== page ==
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Billionaires and American Politics

Is the United States becoming a plutocracy?

With the manifestly unqualified but immensely rich Donald Trump serving as the nation’s first billionaire president, it’s not hard to draw that conclusion. And there are numerous other signs, as well, that great wealth has become a central factor in American politics.

Although big money has always played an important role in U.S. political campaigns, its influence has been growing over the past decade. According to the Center for Responsive Politics, by 2014 the share of political donations by the wealthiest 0.01 percent of Americans had increased to 29 percent (from 21 percent four years before), while the top 100 individual donors accounted for 39 percent of the nation’s super PAC contributions.

With the 2016 presidential primaries looming, would-be Republican nominees flocked to Las Vegas to court billionaire casino magnate Sheldon Adelson and his wife, who had donated well over $100 million to Republican groups during the 2012 election cycle. Although even Adelson’s money couldn’t save them from succumbing to vicious attacks by Trump, Adelson quickly forged a close alliance with the billionaire president. In 2018, he became the top political moneyman in the nation, supplying Republicans with a record $113 million.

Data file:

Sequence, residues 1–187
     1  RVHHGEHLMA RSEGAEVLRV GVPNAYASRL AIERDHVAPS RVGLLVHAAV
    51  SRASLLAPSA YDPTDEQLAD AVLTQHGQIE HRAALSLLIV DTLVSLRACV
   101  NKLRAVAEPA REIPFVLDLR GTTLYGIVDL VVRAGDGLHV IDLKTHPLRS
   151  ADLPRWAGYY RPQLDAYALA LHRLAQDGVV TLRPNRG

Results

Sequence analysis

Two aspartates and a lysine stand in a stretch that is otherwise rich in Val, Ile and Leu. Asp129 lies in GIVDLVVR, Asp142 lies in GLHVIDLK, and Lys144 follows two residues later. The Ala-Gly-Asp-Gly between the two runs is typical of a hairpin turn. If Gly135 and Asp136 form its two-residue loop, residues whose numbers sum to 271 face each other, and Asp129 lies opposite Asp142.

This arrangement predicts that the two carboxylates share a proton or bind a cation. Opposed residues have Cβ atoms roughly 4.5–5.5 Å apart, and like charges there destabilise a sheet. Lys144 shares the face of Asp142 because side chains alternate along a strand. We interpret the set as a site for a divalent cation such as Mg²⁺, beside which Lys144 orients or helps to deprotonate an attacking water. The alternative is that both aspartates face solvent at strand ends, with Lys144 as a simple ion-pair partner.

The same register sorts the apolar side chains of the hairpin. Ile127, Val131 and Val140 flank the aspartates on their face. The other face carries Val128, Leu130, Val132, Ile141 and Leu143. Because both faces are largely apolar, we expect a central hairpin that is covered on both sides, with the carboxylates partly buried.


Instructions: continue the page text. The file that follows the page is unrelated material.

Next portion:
In fact, with Adelson and other billionaires bringing U.S. campaign spending to $5.2 billion in that year’s midterm elections, the big-ticket players grew increasingly dominant in American politics. “We like to think of our democracy as being one person, one vote,” noted a top official at the Brennan Center for Justice. “But just being rich and being able to write million-dollar checks gets you influence over elected officials that’s far greater than the average person.”

This influence has been facilitated, in recent years, by the rise of enormous fortunes. According to Forbes―a publication that pays adoring attention to people of great wealth―by March 2019 the United States had a record 607 billionaires, including 14 of the 20 wealthiest people in the world. In the fall of 2017, the Institute for Policy Studies estimated that the three richest among them (Jeff Bezos, Bill Gates, and Warren Buffett) possessed more wealth ($248.5 billion) than half the American population combined.

After this dramatic example of economic inequality surfaced in June 2019, during the second Democratic debate, the fact-checkers at the New York Times reported that the wealth gap “has likely increased.” That certainly appears to be the case. According to Forbes, these three individuals now possess $350.5 billion in wealth―a $102 billion (41 percent) increase in less than two years.

The same pattern characterizes the wealth of families. As Chuck Collins of the Institute for Policy Studies recently revealed, Charles and David Koch of Koch Industries (their fossil fuel empire), the Mars candy family, and the Waltons of Walmart now possess a combined fortune of $348.7 billion―an increase in their wealth, since 1982, of nearly 6,000 percent. During the same period, the median household wealth in the United States declined by 3 percent.